Friday, April 18, 2008
WINTER LIGHT is the kind of movie that convinces people who've never seen a Bergman film to never see another one.
It's quiet, it's slow, and it's 83 minutes of people thinking and talking, and sometimes the reverse. It's also quite beautiful, in a starkly Scandinavian way, as it grapples with the existential crises that mark Europe's transition to a post-Christian society.
"Eloi Eloi, lama sabachthani?" thrums like a heartbeat through this film's every scene. Gunnar Bjornstrand is a Lutheran minister who died when his wife passed four years prior. He's still giving communion, he's still counseling parishoners, and he's in a relationship with a local schoolteacher; but his heart just isn't in it. His faith had grown fragile during his ministry in the Spanish Civil War, and the loss of his wife was the final blow.
Today, we'd diagnose him with clinical depression, prescribe him something to get his chemistry back on track, and encourage him to aerobicize. That wouldn't make for compelling drama. WINTER LIGHT takes his spiritual unmooring and reflects it in the lives of what few parishioners still bother to show up for services. It gives us not just a man, but an entire culture going through the painful process of breaking away from a millenium of faith and trying to find its way in a new world without apparent answers.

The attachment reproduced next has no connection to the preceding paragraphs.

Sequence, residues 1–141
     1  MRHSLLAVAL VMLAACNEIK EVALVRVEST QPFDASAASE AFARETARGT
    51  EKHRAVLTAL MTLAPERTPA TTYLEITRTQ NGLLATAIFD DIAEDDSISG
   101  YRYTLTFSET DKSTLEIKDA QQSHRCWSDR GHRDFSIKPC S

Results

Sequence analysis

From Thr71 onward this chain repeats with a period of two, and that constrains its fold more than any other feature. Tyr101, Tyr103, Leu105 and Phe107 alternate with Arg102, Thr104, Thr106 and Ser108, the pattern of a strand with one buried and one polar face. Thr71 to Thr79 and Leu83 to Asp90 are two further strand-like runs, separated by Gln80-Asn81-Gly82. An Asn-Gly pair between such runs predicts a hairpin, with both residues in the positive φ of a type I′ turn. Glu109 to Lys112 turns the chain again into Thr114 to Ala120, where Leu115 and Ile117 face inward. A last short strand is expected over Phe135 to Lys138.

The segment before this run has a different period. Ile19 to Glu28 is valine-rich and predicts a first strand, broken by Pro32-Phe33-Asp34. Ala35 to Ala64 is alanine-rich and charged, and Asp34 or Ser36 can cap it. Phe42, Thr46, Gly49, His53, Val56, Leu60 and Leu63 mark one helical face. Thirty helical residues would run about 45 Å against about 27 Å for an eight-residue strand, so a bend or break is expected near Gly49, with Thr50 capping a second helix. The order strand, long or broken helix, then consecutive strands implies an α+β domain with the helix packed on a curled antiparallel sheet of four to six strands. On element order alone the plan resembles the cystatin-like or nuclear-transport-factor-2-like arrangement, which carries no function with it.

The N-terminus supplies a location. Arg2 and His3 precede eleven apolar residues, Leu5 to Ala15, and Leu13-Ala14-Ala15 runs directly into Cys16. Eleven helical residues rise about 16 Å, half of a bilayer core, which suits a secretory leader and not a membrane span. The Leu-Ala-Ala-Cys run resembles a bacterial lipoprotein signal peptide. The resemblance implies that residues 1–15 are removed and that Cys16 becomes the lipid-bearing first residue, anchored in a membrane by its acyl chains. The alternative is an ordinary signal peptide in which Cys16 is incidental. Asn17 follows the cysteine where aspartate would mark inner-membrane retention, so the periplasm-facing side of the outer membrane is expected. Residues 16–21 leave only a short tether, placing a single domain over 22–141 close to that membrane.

This film provides fertile ground for meditation. Like most Bergman films, I think it will rattle around in my brain for quite some time.
Tuesday, April 15, 2008
Here's what I like about INHERIT THE WIND: it's a courtroom drama that doesn't waste too much time with the setup. It introduces the players and the case and -bam- before you know it, Spencer Tracy and Frederick March are objecting, counterarguing, and acting their butts off for the entertainment of one and all. INHERIT THE WIND is pugnacious; it's agressive; it's funny; and it works. From supporting actors like Dick York, Norman Fell, and Harry Morgan to the surprise (for me) costar Gene Kelly, from the most perceptive observation to the most overblown speech, this is big-time Hollywood Issue-Moviemaking at its best.
INHERIT THE WIND fictionalizes the Scopes Monkey Trial of 1925. Tracy is a fiction analogue of Darrow, March of Bryan, and Kelly of H.L. Mencken, the Baltimore reporter who broght Darrow onboard to argue the case. While its arguments seem superficial and some of its characterizations overblown, one can't deny the film's earnestness, competence, and ability to entertain.
I laughed, I thought, and I thanked God I don't like in Kansas. INHERIT THE WIND may not be quite as deep as it thinks it is, but it's deep enough to make for a pleasant Sunday evening's viewing.